Kansas Lottery Begins Another Long Casino Application Process
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The state of Kansas trusted the state Lottery Commission to come up with four possible suitors to run state owned casinos in Kansas. Of the four that the Commission picked, three have pulled out of their deals to build the casinos.
Now, the Commission is going back to the drawing board in hopes of finding themselves three developers that can follow up on making the casinos a reality. On Thursday the Commission authorized the re-opening of the application process for two areas.
The Northeast and South-Central gaming zones will be the focus of the second application process. Developers will be allowed to resubmit proposals, and new proposals will also be accepted.
The original process was drawn out for so long by the state that the economy began to play a major role in why two of the three original contract winners pulled out. The third company, Penn National, pulled out because they were afraid they could not compete with a neighboring casino.
“Even though the Commission has been burned over the past few months, they still believe they will succeed in bringing the four casinos to Kansas. “Hopefully we can start it again,” said Director of Gaming Facilities Keith Kocher. He was speaking of the application process.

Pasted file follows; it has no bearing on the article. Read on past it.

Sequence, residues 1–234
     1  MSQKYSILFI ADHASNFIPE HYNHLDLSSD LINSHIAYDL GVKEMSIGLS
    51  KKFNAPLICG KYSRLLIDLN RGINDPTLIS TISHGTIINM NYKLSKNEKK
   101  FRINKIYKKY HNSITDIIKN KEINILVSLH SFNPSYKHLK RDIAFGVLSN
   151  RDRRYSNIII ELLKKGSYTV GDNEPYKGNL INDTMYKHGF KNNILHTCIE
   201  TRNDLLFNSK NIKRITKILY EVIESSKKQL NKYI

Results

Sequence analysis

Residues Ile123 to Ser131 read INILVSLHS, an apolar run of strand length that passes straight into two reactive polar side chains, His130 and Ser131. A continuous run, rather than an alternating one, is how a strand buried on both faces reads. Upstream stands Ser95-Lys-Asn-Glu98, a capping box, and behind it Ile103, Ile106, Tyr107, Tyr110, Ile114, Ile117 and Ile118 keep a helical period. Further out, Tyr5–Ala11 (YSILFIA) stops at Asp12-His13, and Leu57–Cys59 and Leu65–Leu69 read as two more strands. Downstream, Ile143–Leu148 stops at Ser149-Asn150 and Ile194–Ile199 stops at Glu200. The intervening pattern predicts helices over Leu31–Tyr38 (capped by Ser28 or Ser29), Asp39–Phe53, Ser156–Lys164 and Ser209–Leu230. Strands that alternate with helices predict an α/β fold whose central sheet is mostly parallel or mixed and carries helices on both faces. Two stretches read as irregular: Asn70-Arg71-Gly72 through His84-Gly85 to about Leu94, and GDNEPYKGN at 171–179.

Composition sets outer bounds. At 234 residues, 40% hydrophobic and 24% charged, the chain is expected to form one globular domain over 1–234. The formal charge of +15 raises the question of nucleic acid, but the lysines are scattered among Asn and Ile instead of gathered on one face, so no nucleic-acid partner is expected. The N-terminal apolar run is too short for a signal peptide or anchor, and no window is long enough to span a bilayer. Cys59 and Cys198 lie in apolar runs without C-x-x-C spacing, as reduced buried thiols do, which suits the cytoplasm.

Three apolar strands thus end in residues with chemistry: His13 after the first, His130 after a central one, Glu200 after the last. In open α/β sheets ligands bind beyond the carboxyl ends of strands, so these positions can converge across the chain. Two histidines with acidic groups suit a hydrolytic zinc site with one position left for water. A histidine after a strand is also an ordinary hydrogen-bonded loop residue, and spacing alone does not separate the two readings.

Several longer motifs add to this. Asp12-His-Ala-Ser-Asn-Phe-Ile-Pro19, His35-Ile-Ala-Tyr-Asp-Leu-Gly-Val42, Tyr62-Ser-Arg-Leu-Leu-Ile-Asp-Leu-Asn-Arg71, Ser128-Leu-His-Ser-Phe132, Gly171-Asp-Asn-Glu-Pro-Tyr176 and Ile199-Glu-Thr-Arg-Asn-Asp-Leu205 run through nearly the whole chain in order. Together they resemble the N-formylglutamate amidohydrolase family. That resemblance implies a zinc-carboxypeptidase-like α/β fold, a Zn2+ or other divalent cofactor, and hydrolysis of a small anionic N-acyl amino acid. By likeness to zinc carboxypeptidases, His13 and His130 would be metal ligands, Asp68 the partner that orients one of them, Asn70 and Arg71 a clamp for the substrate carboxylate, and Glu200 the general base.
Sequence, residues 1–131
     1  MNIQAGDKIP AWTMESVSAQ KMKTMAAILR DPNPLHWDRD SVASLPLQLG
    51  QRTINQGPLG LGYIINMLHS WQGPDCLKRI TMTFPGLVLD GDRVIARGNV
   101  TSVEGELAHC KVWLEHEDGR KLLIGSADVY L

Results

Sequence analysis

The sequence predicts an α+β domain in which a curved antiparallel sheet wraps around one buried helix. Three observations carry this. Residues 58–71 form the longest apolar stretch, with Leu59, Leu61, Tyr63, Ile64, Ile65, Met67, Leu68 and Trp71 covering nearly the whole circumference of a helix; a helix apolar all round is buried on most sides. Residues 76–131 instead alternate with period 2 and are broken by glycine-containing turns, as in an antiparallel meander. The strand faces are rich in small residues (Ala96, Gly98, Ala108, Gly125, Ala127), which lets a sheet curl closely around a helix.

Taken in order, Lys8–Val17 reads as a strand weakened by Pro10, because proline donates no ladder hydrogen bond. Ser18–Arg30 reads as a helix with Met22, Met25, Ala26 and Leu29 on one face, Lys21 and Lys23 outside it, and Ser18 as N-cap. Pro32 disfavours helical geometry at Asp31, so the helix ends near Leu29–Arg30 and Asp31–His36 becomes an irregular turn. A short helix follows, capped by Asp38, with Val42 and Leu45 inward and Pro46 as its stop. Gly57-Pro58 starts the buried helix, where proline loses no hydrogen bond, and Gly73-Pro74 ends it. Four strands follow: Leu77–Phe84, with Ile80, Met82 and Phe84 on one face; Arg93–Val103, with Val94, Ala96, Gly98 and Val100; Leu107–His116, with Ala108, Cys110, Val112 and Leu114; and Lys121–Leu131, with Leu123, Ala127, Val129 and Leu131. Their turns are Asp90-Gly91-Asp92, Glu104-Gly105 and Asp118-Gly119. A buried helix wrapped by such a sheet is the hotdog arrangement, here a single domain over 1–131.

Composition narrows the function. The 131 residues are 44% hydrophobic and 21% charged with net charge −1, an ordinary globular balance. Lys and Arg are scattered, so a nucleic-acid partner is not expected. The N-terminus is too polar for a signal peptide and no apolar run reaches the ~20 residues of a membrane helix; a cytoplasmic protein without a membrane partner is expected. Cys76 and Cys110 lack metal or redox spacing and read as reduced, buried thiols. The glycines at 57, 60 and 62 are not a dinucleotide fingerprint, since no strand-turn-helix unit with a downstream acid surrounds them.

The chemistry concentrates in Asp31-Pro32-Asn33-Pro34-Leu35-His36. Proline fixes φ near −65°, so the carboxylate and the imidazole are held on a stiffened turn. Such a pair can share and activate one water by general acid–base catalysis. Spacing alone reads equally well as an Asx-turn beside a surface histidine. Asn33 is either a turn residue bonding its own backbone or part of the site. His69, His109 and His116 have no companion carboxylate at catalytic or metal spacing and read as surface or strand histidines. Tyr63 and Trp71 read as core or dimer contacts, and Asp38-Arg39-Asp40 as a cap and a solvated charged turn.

Indian Tribes Continue To Expand Casinos In Face Of Bad Economy
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Las Vegas Sands Corp. is eliminating jobs from their casinos in Nevada. several other casino companies are also having to cut back staff because of the current state of the economy in the United States.
While all of these companies struggle to stay out of bankruptcy, Indian tribes are moving forward with casino expansion all across the country. Tribes have been trying to put land in trust in order to build new casinos.
With the big companies struggling, laws are being changed in areas to help them out. Nevada was considering lowering the gambling age to eighteen. That idea comes from politicians who are desperately trying to help their state casinos.
In Florida, lawmakers are working on a new pact, which is eerily similar to the one that Governor Charlie Crist signed with the Seminole Indians, to bring expanded gambling to the Seminole casinos in the state.
The Seminoles have already started offering blackjack at their Seminole Hard Rock Casino in Hollywood, Florida. In other states, casinos are in the process of being built by Indian tribes.
“Because the tribes do not have to abide by the same laws as these other casino companies, they are not getting hit as hard by the rough economy. That is freeing them up to continue expansion while these other companies scale back,” said Bronson Hemraddy.